By in large, the super wealthy are actually quite generous. What they object to is paying millions in taxes to New York City that they could easily escape by moving and underwriting virtually all of New York’s major charities while getting nothing but grief for it and being called greedy and stingy.
        Put yourself in their shoes; considering what they contribute to society, do you think they should be called all kinds of names?
        One other thing that billionaires contribute to the lifeblood of New York City is hundreds of multimillionaires, millionaires and folks who earn hundreds of thousands of dollars. People who work for billionaires tend to be paid very high salaries. These high salaried people also contribute disproportionately to New York City’s tax base.
        Like most New Yorkers, I’m a little tired of Mayor Bloomberg too. His style gets stale after a while and his proclivity to lecturing New Yorkers about lifestyle choices has gotten quite old.
        Despite this, I have to admit that he has been an extraordinarily good Mayor. He’s kept New York City’s uber rich residents happy at the same time that he’s used the tax money that they provide to make things better for poor and middle class New Yorkers. It’s quite a feat and he should be congratulated for it.
        I worry that his replacement won’t have the same skill; if he doesn’t, it could be a major problem.
        If you think government has a role to play, you have to love the wealthy; its their dollars that makes government work.
        Ignore that reality at your peril.

    • Andrew Allison


    • Kavanna

      Um, NYC no longer has a middle class, at least not in Manhattan. The outer boroughs have an upper and upper middle class, and a struggling working class. Everyone in between has fled. It’s a “blue” pattern and has been getting that way for a long time ….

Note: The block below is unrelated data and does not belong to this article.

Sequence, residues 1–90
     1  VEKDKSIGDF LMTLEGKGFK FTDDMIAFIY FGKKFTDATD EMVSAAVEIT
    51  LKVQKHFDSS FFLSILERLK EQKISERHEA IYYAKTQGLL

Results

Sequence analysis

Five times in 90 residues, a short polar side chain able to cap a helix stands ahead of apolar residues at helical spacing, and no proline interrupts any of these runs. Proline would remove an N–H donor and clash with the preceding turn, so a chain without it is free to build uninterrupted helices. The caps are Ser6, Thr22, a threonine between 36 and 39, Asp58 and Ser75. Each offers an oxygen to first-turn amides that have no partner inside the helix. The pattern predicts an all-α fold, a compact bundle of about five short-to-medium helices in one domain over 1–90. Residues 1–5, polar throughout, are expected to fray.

• wigwag

        There are fewer and fewer middle class people living in Manhattan; the Lower East Side has gentrified and so has Harlem. But there are plenty of “middle/middle class” families living in Queens, the Bronx, Staten Island and to a lesser extent Brooklyn.

        • Kavanna

          I suppose there’s still some middle class in the outer boroughs, from I see and know of friends and relatives. But it’s smaller and less robust than it once was.

  • qet

    NYC (and eventually Chicago?) sounds to me like Cowen’s America of the Future. Presumably the NYC rich are those who are adding value to the computers, who therefore can bear the taxation needed to maintain the large struggling servant class in a comfortable (according to 19th century, not 21st, standards), if dull, existence.

  • lukelea

    “Under Bloomberg, New York thrived as the “Luxury City,” home to a small contingent of super rich, accompanied by a large, struggling servant class.”

    That’s where our whole country is headed if we don’t revise our trade and immigration policies and enact new statutory limits on the length of the workweek.

    I’m assuming we’re not about to tax capital and subsidize labor to any meaningful extent.

    • Kavanna

      That’s the way the crony class wants it.

  • jeburke

    I hear WRM, and he has a point but he’s taking it too far. The development of attractive amenities of urban life is not just a matter of creating baubles for the “rich.” I suspect that the vast majority of people who use these amenities are not rich at all but a broadly representative sample of the people who live and work in or visit Chicago, including quite a few lower-income Chicago residents.

  • Kavanna

    It’s almost as if blue governance has degenerated … into caving in to
    pressure groups and payoffs to wealthy cronies … but, but … it’s about The People, right? … nah, couldn’t be … could it?

  • ChuckFinley

    It has been my suspicion for a while that socialism is really nostalgia for the stability and stasis of feudalism. This article lends credence to that view.